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The rest of Africa have ‘eaten’ Nobel Prizes, now it’s EA’s turn



By Charles Onyango-Obbo

Last week Abdulrazak Gurnah won the 2021 Nobel Prize in Literature. Now we must fully reclaim this son of ours. Didn’t the elders say “nothing succeeds like success”?

Born in Zanzibar on December 20, 1948, Gurnah fled to the UK with his family in the 1960s as a refugee in the wake of the Zanzibar Revolution. But Gurnah never really left us.

He taught briefly in Nigeria in the 1980s, and most of his 10 novels, as one scholar noted, “are set either fully or partially on the Eastern African Swahili Coast or in Zanzibar.” Gurnah was honoured, the Swedish Academy that hands out the Nobels said, “for his uncompromising and compassionate penetration of the effects of colonialism and the fate of the refugee in the gulf between cultures and continents,” the subjects most of his novels and short stories explore.

Gurnah was the fifth African to win the Literature prize, the others being Nigeria’s Wole Soyinka in 1986; Egypt’s Naguib Mahfouz in 1988; and the South Africa’s Nadine Gordimer in 1991 and John Maxwell Coetzee in 2003.

Gurnah’s Nobel might go some way to heal what East Africans consider a literary injustice. Western Africa, Northern Africa, Southern Africa, had all “eaten” the prize, but the wider East Africa hadn’t.

For many years there have been expectations that Kenyan author Ngugi wa Thiong’o would be the one to bring it home. The job instead fell upon Gurnah’s slight frame.


Yet, Gurnah and Ngugi are joined by a very East African experience; exile, flight, of being in while out, of being home but homeless. It is the fate of many of East African leading writers and intellectuals. Imprisoned for his writing and theatre, Ngugi was exiled from Kenya at the end of the 1970s during the rule of Kanu and then president Daniel arap Moi.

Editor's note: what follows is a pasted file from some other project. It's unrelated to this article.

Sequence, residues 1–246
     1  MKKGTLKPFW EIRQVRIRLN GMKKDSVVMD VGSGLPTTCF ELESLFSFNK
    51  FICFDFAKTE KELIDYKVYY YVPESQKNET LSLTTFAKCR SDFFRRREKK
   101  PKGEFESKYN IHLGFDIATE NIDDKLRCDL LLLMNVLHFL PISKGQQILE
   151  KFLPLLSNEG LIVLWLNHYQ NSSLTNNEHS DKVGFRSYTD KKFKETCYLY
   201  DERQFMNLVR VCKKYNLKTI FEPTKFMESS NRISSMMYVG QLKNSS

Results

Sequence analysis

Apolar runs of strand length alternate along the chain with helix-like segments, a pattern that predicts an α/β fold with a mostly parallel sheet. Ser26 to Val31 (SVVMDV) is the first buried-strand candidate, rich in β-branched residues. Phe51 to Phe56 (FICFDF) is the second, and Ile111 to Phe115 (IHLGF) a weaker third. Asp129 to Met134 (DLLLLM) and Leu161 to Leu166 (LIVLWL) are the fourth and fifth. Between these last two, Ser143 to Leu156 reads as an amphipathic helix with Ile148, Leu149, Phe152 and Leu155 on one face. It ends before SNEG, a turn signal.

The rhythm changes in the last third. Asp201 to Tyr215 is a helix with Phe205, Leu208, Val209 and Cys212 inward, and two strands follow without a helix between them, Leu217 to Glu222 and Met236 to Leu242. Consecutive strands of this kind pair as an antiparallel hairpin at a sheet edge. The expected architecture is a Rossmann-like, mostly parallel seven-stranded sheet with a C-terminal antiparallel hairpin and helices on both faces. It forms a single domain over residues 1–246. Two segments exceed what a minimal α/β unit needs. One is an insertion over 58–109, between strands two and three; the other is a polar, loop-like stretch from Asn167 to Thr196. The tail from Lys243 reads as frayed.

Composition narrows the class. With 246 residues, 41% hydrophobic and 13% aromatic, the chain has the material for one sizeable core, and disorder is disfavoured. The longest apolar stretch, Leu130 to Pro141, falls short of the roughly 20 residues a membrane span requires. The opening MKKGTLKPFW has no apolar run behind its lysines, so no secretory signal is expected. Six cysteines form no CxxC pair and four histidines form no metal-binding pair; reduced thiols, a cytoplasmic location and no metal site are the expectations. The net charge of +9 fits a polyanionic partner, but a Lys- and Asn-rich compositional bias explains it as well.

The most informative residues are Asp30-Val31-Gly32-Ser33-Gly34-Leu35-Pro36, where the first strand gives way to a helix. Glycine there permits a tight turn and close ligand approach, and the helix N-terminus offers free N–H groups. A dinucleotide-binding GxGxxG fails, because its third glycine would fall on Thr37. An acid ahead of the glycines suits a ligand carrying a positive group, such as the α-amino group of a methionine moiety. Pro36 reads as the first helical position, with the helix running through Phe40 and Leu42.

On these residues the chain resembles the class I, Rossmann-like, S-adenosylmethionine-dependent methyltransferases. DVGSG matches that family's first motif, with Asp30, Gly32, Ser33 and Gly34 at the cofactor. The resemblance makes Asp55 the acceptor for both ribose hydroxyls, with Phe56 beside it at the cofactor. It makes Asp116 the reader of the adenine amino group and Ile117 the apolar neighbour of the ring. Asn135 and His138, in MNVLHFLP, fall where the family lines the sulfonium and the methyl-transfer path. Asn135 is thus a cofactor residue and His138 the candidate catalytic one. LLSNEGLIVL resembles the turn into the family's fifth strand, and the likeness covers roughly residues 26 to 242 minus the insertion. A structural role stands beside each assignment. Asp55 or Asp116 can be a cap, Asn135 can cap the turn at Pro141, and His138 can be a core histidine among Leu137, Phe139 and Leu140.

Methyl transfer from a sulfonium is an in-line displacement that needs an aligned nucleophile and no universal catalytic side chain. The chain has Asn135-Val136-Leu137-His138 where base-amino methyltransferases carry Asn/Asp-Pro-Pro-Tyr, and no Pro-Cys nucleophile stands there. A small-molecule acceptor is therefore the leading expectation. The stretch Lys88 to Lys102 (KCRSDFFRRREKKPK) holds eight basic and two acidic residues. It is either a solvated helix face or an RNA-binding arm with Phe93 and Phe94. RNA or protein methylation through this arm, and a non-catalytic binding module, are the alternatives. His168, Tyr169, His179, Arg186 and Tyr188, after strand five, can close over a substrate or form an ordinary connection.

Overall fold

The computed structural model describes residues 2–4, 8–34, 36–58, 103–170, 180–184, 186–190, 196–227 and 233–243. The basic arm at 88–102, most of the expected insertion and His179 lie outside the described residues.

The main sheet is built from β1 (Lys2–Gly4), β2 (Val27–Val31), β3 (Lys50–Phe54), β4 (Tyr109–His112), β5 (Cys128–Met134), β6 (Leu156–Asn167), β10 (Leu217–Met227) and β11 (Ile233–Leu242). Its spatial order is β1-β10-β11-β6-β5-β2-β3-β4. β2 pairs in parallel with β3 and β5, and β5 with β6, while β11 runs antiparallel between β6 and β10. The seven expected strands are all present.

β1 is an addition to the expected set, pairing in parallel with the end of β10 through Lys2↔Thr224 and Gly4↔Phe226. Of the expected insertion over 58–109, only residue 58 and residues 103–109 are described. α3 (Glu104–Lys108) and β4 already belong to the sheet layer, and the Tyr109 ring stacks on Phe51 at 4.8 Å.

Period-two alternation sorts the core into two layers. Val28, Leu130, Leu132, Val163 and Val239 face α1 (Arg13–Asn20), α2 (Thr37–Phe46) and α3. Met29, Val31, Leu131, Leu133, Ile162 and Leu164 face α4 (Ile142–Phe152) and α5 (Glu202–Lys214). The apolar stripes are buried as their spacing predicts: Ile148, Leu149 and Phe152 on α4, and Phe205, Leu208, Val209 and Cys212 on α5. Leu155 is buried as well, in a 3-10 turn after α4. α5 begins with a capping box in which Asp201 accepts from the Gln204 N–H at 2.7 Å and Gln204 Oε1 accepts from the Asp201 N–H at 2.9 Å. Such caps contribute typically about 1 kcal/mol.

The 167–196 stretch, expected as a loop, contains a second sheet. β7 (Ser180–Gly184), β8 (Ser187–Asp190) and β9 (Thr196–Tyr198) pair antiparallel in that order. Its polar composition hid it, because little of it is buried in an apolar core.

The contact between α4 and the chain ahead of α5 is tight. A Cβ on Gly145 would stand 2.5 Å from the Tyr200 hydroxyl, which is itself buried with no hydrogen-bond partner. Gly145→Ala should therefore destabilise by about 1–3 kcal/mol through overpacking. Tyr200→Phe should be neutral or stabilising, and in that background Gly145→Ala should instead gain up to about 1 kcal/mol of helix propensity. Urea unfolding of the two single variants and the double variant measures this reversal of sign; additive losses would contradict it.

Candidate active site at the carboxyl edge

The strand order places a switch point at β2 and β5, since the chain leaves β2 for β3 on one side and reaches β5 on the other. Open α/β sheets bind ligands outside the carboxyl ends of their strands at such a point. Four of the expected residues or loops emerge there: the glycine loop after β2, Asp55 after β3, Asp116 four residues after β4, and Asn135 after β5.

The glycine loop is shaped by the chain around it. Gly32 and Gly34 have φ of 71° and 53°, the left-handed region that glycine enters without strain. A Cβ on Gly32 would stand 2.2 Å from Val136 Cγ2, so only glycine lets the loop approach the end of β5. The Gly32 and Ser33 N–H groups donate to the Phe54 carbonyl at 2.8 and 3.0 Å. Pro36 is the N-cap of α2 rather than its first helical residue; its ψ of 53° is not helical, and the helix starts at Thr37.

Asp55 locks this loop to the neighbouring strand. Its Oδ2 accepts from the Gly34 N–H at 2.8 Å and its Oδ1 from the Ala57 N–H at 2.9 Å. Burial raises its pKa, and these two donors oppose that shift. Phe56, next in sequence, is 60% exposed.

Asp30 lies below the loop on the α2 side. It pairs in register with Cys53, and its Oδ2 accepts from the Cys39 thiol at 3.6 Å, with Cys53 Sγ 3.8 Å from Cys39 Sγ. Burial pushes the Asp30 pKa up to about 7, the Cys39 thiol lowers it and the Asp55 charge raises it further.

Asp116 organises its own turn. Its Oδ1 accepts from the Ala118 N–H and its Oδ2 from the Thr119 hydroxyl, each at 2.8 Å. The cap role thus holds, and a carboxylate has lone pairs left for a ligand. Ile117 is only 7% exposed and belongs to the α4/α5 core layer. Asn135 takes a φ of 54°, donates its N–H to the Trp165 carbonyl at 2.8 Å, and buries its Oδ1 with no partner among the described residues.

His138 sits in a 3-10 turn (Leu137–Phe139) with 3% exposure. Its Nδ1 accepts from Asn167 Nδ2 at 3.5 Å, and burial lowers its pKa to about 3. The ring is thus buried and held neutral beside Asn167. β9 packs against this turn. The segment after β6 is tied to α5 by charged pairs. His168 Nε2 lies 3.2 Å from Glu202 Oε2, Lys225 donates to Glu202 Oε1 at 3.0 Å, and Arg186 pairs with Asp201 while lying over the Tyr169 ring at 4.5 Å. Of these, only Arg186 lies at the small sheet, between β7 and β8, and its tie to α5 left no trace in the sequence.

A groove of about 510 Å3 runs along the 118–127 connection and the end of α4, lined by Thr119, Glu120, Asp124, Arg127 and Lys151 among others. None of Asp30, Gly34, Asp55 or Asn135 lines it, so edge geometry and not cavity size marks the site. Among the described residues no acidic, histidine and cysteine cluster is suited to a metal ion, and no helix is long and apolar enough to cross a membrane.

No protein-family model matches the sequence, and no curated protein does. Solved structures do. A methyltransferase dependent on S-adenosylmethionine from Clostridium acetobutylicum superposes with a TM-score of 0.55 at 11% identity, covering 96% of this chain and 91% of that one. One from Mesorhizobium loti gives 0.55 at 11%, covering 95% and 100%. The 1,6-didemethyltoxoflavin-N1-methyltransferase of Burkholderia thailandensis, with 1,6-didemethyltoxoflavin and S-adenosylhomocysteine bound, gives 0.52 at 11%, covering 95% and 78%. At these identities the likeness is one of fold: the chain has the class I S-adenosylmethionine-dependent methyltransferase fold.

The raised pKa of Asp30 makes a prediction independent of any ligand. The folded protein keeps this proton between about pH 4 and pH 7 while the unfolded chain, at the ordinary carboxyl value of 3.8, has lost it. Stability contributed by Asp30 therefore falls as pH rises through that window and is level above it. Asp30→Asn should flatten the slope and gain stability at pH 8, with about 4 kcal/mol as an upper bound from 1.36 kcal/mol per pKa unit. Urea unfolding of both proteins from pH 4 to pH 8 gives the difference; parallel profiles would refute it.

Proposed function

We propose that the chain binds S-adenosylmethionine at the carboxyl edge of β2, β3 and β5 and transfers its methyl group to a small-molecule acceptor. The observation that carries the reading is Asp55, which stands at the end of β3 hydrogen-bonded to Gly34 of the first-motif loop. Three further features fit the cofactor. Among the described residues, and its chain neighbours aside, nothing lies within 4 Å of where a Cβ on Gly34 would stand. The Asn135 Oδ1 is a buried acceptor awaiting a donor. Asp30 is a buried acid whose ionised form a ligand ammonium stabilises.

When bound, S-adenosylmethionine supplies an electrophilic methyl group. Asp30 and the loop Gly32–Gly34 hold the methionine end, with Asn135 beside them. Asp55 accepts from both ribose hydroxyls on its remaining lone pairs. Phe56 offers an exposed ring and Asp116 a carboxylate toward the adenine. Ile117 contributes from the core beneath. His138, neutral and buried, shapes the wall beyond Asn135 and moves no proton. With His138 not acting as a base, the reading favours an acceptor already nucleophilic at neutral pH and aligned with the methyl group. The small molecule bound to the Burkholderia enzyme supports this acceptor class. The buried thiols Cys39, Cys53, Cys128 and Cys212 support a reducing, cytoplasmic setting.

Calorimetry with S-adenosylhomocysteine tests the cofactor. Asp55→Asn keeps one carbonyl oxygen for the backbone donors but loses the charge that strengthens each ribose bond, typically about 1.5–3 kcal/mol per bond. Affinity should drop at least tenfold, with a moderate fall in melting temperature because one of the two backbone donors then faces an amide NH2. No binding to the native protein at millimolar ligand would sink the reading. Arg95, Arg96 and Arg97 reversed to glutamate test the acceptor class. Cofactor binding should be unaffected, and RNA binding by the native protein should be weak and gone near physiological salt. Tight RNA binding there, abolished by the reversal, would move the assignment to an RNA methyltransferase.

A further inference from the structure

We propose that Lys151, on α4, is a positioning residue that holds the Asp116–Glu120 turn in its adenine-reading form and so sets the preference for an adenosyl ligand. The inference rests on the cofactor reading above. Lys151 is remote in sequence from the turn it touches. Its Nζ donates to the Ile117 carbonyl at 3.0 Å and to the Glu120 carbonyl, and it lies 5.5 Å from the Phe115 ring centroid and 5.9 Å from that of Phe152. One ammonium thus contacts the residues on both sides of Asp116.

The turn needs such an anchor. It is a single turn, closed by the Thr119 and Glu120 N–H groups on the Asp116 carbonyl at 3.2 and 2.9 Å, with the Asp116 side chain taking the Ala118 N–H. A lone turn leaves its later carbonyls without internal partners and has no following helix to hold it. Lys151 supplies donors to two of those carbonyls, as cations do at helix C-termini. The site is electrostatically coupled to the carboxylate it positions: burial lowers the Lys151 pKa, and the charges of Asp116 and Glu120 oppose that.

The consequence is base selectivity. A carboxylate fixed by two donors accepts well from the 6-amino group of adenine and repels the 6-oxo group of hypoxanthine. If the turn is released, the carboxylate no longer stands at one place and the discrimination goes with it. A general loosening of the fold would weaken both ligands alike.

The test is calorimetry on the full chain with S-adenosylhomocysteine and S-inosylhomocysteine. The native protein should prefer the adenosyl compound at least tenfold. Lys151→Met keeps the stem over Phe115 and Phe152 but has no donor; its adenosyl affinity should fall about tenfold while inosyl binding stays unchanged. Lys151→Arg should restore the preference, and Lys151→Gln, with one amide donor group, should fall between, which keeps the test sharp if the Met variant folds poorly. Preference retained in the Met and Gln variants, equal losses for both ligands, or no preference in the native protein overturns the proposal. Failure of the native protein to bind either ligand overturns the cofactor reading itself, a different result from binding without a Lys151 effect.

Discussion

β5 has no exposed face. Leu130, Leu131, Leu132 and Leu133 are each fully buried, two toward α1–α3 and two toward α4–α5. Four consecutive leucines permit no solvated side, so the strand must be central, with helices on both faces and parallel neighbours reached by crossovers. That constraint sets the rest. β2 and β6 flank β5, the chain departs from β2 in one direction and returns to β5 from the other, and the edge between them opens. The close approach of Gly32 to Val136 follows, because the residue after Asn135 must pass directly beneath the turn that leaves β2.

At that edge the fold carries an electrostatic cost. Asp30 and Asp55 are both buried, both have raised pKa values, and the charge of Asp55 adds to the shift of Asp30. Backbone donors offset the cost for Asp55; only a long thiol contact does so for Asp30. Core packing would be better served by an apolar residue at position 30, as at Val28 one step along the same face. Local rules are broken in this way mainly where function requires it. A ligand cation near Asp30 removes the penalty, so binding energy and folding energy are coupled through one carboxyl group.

He was just one of many Kenyan intellectuals and writers who fled the country at that time.

One of Africa’s most renowned poets, Okot p’Bitek of the Song of Lawino fame, fled Uganda during the rule of military dictator Idi Amin in the 1970s. With him were playwright Robert Serumaga, John Ruganda, and a few artists.

South Sudanese poet and literary critic Taban lo Liyong wandered the breadth of Africa until his country became independent.

Somali writer Nuruddin Farah has been a nomad for over 40 years.

Immaculée Ilibagiza, Yolande Mukagasana and Clemantine Wamariya are a handful of the long list of Rwandan writers who fled the country as survivors of the 1994 Genocide against the Tutsi or earlier pogroms.

Gurnah’s most popular novel is Paradise, which was nominated for both the Booker Prize and the Whitbread Prize for Fiction.

It’s the story of Yusuf, a lad from the fictional town of Kawa in Tanzania, who is sold by his father to repay a debt. Yusuf eventually joins a caravan as it travels through the Congo Basin, navigating wars and all sorts of chaos, and returning to East Africa to the sight German troops. The First World War had started.

There is a Yusuf in many of these writers. It’s just that they defied the odds and made silk purses out of sows’ ears.

Charles Onyango-Obbo is a journalist, writer, and curator of the “Wall of Great Africans”. [email protected]

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